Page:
Introduction to the various LPF noise models


As with the system models, the various noise models also come in different versions. You can build these noise models individually and inspect their responses. Let's look at a couple of examples.

Capacitive actuation Noise Model

For example, let's build the noise model used for generating force and torque noise of the GRS actuation. The model is called DIST_CAPACT.
We start by inspecting the model to see what versions are available, and, within each version, the parameters available for setting. Start with opening the model documentation:

      help ssm_model_DIST_CAPACT
and click on the 'Model Information' link. As we can see, there are 5 versions available. All of them allow the user to choose a parameter for the dimension of the model, so to operate only along x (1D), along x, y and phi (2D), or along all degrees of freedom (3D). In addition, you can scroll to the details section for a particular model version and see what configuration parameters are available to you. For instance, in this case we have different pole-zero models that characterize the noise shaping filters that color unit-variance white noise to mimick the force and torque noise associated with the electrostatic actuation provided bt the GRS and the FEE. After deciding the version we want to build, and the values of the parameters we want to set, we can build it by doing:
      % Build the default version of the GRS CAPactive ACTuation noise model      
      GRScapactNoise = ssm(plist('built-in', 'DIST_CAPACT'));
Now that we've built the object, we can use the ssm/viewDetails method to inspect the various inputs and outputs of this model:
      GRScapactNoise.viewDetails
so to understand how the input blocks are called, how many and which ports we have for each input, and how many and which outputs are available.

IFO readout Noise Models

As another example, let's build the noise model used for generating readout noise of the interferometer. The model is called DIST_IFO_READOUT.
Again, start by inspecting the model to see what versions are available, and, within each version, the parameters available for setting. As before, open the model documentation with:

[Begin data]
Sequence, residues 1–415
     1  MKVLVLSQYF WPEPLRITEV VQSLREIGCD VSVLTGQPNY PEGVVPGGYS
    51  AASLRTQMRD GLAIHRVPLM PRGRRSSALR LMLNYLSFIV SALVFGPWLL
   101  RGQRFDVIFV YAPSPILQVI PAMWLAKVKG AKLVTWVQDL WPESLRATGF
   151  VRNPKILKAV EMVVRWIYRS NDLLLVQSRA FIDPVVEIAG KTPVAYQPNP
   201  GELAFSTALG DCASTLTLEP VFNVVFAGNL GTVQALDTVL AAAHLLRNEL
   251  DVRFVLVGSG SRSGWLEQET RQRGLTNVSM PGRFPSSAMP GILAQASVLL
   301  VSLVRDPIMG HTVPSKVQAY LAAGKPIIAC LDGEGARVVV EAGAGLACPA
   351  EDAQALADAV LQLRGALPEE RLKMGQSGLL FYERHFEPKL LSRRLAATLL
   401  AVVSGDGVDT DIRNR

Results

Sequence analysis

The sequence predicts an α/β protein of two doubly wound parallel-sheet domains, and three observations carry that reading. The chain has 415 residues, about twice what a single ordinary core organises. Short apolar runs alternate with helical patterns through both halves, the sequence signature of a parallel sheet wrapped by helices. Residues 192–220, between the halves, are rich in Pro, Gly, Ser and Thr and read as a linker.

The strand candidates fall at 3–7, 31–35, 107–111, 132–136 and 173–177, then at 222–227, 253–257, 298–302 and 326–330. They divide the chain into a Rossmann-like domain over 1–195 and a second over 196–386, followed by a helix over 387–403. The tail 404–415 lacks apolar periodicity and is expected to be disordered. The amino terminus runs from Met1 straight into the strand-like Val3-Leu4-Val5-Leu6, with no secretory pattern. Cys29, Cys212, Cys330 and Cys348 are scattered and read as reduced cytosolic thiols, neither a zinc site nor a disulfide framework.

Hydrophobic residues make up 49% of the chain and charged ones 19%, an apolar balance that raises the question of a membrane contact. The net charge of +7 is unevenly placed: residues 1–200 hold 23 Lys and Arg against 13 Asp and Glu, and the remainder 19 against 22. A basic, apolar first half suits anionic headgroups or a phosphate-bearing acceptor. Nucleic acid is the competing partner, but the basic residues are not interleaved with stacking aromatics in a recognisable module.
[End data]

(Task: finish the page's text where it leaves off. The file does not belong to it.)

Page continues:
help ssm_model_DIST_IFO_READOUT
As we can see, there are 4 versions available. All of them allow the user to choose a parameter for the dimensions of the model, so to operate only with the longitudinal degrees of freedom (1D), or also with angular ones (2D and 3D). In addition, you can scroll to the details section for a particular model version and see what configuration parameters are available to you. For instance, in this case we have different pole-zero models that characterize the noise shaping filters that color unit-variance white noise to mimick the readout noise for the different IFO components. After deciding the version we want to build, and the values of the parameters we want to set, we can build it by doing:
      % Build the default version of the IFO Readout noise model      
      IFOreadoutNoise = ssm(plist('built-in', 'DIST_IFO_READOUT'));
Now that we built the object, we can use the ssm/viewDetails method to inspect the various inputs and outputs of this model:
      IFOreadoutNoise.viewDetails
so to understand how the input blocks are called, how many and which ports we have for each input, and how many and which outputs are available.

This noise source is added after the modelling of the actual conversion of the TMs position into an IFO reading, so it represents noise sources such as shot noise in the beams, electronics noise (additive, digitization, ...).

Other noise sources that act 'common mode' on all IFO channels, such as laser frequency fluctuations, are modelled by the DIST_IFO_POSITION noise model, that can be built by doing:

      % Build the default version of the IFO so-called position noise model      
      IFOfrequencyNoise = ssm(plist('built-in', 'DIST_IFO_POSITION'));
Now that we built the object, we can use the ssm/viewDetails method to inspect the various inputs and outputs of this model:
      IFOfrequencyNoise.viewDetails
so to understand how the input blocks are called, how many and which ports we have for each input, and how many and which outputs are available.



©LTP Team